This post is the second in an occasional series about the men and women who played important roles in Buffalo’s early history.
Buffalo is a city with a proud architectural history, boasting buildings by architectural legends such as Louis Sullivan, H.H. Richardson and Frank Lloyd Wright.
But that history also includes the shattering of a glass ceiling: Louise Blanchard Bethune was the first American woman known to have worked as a professional architect, and she practiced in Buffalo.
She also may have been one of Buffalo’s first public feminists, according to a reprint of a 1986 Buffalo Spree article at the website Buffalo Architecture and History. She was born in Waterloo in Central New York in 1856, near Seneca Falls, the site of the first women’s rights convention held in 1848.
Bethune attended high school in Buffalo and graduated in 1874. Two years later, she won a job as a draftsman in the architectural firm Waite and Caulkins, where she was employed for five years and worked on early plans for the Connecticut Street Armory.
In 1881, Bethune opened her own practice with Robert Armour Bethune, who she married at the end of that year, according to the Buffalo Spree story.
Seven years after that, Bethune became the first female associate of the American Institute of Architects, according to a post at The Atlantic’s CityLab website.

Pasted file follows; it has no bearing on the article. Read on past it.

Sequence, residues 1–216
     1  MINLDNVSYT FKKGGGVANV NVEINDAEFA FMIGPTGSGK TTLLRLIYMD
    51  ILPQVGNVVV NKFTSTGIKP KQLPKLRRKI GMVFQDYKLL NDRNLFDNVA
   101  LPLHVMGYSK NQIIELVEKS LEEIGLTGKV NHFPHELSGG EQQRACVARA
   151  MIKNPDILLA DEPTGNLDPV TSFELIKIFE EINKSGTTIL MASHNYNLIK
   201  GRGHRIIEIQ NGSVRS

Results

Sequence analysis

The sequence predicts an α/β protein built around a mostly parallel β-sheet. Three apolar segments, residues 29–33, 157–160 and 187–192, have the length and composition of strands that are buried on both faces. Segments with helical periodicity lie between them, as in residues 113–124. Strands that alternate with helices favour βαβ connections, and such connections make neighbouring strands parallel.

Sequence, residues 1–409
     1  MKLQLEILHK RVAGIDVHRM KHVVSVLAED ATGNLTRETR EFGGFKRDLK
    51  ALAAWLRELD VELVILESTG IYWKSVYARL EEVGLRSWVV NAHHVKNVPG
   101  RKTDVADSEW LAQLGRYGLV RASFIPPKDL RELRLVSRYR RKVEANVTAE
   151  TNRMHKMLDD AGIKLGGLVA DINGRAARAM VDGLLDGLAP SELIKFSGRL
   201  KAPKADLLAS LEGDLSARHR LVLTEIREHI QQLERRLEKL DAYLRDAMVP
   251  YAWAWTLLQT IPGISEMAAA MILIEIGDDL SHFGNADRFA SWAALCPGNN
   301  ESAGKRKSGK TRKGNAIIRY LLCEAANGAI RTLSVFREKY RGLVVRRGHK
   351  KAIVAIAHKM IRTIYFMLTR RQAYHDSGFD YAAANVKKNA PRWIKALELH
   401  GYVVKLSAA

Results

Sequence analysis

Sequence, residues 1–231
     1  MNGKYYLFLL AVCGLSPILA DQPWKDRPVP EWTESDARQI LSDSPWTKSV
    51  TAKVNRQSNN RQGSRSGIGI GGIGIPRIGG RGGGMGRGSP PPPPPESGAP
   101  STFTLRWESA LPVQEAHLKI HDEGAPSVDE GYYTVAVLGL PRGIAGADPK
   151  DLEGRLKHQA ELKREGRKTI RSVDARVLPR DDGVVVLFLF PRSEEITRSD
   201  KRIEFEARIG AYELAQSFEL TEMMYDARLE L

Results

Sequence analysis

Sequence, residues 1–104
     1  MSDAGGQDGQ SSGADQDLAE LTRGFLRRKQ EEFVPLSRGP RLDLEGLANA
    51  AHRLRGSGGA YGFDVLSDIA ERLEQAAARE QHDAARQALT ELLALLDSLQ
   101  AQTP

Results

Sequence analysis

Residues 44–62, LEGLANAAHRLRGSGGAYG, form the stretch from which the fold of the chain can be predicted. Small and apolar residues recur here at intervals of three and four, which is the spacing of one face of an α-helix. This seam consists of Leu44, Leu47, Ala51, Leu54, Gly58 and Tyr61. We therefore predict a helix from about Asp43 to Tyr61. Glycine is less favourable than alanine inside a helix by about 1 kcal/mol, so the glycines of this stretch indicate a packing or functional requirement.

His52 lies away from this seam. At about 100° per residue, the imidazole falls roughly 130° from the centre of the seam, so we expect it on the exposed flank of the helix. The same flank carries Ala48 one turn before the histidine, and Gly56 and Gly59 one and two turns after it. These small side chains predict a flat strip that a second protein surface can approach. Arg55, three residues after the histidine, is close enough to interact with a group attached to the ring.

But it was around the turn of the century that Bethune received her big break and designed the building for which she remains most known: the Hotel Lafayette, which was placed on the National Register of Historic Places in 2010.
The Hotel Lafayette, at 391 Washington St., was built in the French Renaissance style and had seven stories and 225 rooms. The building eventually fell into disrepair before a recent rehabilitation project brought it back to its former glory.
Bethune’s name also lived on in the building at 2917 Main St., which originally was a Buffalo Meter Company plant but was purchased by the University at Buffalo in 1971 to house its departments of architecture, art and continuing education, according to the university’s website. UB renamed the building Louis Blanchard Bethune Hall.
UB eventually moved the departments elsewhere and sold the building in 2000. It has now been redeveloped into the Bethune Lofts.